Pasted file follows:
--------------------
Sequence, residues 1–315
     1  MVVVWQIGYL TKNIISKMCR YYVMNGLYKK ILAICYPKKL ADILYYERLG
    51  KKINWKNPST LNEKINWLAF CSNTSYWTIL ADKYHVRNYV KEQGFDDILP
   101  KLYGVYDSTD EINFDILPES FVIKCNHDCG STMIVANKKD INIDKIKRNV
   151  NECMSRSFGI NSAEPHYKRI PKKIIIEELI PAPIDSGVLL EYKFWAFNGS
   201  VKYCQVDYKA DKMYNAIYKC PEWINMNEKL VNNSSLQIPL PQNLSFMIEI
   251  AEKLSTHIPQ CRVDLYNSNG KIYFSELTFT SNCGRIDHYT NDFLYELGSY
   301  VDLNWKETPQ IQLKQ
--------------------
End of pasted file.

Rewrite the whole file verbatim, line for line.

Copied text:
Sequence, residues 1–315
     1  MVVVWQIGYL TKNIISKMCR YYVMNGLYKK ILAICYPKKL ADILYYERLG
    51  KKINWKNPST LNEKINWLAF CSNTSYWTIL ADKYHVRNYV KEQGFDDILP
   101  KLYGVYDSTD EINFDILPES FVIKCNHDCG STMIVANKKD INIDKIKRNV
   151  NECMSRSFGI NSAEPHYKRI PKKIIIEELI PAPIDSGVLL EYKFWAFNGS
   201  VKYCQVDYKA DKMYNAIYKC PEWINMNEKL VNNSSLQIPL PQNLSFMIEI
   251  AEKLSTHIPQ CRVDLYNSNG KIYFSELTFT SNCGRIDHYT NDFLYELGSY
   301  VDLNWKETPQ IQLKQ